Officially, the Pentagon barely acknowledges the existence of the Delta Force, because, well, nearly everything about it is a secret. On the other hand Chuck Norris has made movies about it, a TV show has been based on it, and at least three former members have written fiction or nonfiction about it. Secrecy can be a relative thing. Although Delta must at all times maintain the strictest operational security, it is not averse to a bit of favorable PR. The latest book to be written about the super secret Delta Force is Kill Bin Laden, by "Dalton Fury", which is the pseudonym of a former Delta Force troop commander. Fury was the highest ranking military officer present at the battle of Tora Bora, and led the unsuccessful hunt for Osama bin Laden.
by Dalton Fury
New York: St Martin's Press, 2008. 320.
Illus, maps, index. 25.95 hard cover. ISBN:0312384394
Thus Fury is uniquely able to give us an eyewitness account of one of the pivotal battles in the "War on Terror." Fury's perspective and insight are invaluable, but at least some readers may find his book hard going. Much of Kill Bin Laden is written in a style that could best be described as a cross between Soldier of Fortune magazine and a cheesy men's adventure novel. Fury spends so much time praising the elite operators of Delta Force that at times he almost defeats his own purpose. Early in the book he describes a mission in 2002 to capture a suspect who might have information about Bin Laden's movements during and after Tora Bora. He tells us that "...one of the best reconnaissance operators in the business volunteered for the job. He was known in Delta as 'Shrek,' affectionately named after the cartoon character with whom he shared a similar large and muscular build. He sported a deep bronze tan from the sun's glare off the snowy peaks in northern Afghanistan...We were asking Shrek to hang it all out, to undertake the sort of mission that most American men can only experience vicariously through Tom Clancy novels, or Tom Cruise Hollywood thrillers...Finally, 'Shrek' picked up his most precious weapon, his baby, a 7.62mm German-made H&K G3 assault rifle topped with a HOLOsight red dot scope, IPTAL infrared laser, and a high powered CQB light. He rubbed it warmly."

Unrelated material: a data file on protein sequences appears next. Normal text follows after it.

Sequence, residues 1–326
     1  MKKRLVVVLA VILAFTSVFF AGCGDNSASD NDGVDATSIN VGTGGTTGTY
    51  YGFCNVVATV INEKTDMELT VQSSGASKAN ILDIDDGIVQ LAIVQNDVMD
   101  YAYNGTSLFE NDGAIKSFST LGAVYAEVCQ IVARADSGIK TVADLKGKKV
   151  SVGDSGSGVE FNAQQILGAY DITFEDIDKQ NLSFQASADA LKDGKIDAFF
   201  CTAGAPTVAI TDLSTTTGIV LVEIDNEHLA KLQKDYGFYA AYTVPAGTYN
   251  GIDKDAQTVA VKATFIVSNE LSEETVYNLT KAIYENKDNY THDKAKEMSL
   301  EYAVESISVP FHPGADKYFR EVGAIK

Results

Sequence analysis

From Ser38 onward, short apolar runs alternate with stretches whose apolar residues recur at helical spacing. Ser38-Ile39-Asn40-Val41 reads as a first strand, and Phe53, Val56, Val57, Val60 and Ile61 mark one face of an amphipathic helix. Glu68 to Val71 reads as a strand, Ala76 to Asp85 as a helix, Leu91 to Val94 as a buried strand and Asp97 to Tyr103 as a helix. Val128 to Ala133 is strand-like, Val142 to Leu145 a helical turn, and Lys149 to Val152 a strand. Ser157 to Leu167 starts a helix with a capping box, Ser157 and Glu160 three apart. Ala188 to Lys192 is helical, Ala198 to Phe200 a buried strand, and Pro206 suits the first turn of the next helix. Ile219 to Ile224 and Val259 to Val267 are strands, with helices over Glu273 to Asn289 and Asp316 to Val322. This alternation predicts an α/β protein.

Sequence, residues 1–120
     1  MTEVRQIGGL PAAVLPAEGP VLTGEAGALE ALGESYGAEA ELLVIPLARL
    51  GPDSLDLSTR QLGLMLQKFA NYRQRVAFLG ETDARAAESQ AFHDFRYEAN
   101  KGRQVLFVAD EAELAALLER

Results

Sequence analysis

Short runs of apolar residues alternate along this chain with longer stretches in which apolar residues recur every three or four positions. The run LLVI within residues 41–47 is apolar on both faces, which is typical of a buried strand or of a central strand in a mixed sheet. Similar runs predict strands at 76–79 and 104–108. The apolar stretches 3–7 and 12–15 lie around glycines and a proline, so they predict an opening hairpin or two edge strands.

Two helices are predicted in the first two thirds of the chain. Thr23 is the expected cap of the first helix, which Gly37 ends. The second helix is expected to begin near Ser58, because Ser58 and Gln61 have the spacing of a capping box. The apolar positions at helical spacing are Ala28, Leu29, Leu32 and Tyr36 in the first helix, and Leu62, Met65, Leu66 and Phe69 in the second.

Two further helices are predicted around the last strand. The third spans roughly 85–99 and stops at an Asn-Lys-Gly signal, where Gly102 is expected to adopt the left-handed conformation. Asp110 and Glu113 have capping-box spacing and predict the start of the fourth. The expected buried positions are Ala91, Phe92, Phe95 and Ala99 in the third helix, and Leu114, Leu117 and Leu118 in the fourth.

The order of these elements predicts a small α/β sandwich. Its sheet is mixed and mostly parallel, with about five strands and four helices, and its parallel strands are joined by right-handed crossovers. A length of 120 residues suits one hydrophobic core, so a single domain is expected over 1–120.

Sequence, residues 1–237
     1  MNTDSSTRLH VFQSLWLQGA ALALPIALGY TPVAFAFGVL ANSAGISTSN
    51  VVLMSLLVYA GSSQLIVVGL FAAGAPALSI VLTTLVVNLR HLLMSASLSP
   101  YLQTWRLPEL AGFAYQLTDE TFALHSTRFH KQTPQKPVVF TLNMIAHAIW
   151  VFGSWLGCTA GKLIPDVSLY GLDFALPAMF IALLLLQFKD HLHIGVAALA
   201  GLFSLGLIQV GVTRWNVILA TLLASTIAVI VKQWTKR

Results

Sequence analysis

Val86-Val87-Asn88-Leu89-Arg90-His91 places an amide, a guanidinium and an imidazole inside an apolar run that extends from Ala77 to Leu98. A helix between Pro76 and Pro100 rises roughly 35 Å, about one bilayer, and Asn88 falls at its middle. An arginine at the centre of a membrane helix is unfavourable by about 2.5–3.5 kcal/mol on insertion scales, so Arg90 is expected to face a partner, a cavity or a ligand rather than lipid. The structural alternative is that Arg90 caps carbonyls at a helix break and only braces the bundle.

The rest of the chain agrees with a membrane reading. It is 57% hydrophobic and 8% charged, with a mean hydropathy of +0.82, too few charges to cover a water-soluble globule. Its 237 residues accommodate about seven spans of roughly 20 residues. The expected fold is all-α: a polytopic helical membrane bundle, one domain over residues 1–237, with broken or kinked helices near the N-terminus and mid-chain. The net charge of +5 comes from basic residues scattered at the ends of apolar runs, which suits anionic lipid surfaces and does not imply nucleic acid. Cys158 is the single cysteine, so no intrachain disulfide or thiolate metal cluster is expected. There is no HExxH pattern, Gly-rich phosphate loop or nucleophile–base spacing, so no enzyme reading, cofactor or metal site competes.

That sort of thing goes on constantly throughout the book, and it gets old. Fury has a habit of frequently taking time out from the story to stop and spend a few paragraphs praising Delta and its operators before finally getting on with the program. At one point he stops in the middle of the Tora Bora battle to explain Delta's CQB skills, and how watching Delta operators practice CQB "is one of the most awesome sights of controlled chaos one can imagine...Delta's method and skill in CQB is unmatched by any other force in existence." No doubt. But as there is no actual CQB anywhere in the book, the whole thing seems a fairly pointless digression. Part of the problem is that the story Fury is telling is fairly brief. Much of this book ends up being filler, and much of the filler is shameless self promotion.